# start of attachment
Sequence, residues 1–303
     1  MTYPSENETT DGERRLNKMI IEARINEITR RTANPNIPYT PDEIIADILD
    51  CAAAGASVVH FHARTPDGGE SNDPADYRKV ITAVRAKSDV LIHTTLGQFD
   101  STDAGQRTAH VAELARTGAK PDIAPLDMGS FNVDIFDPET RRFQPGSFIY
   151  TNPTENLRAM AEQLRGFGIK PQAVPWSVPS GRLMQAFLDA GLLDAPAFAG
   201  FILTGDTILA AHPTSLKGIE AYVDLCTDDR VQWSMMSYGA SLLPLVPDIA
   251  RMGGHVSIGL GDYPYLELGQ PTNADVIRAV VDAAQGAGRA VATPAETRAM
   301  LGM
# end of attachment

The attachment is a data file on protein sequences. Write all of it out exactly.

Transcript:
Sequence, residues 1–303
     1  MTYPSENETT DGERRLNKMI IEARINEITR RTANPNIPYT PDEIIADILD
    51  CAAAGASVVH FHARTPDGGE SNDPADYRKV ITAVRAKSDV LIHTTLGQFD
   101  STDAGQRTAH VAELARTGAK PDIAPLDMGS FNVDIFDPET RRFQPGSFIY
   151  TNPTENLRAM AEQLRGFGIK PQAVPWSVPS GRLMQAFLDA GLLDAPAFAG
   201  FILTGDTILA AHPTSLKGIE AYVDLCTDDR VQWSMMSYGA SLLPLVPDIA
   251  RMGGHVSIGL GDYPYLELGQ PTNADVIRAV VDAAQGAGRA VATPAETRAM
   301  LGM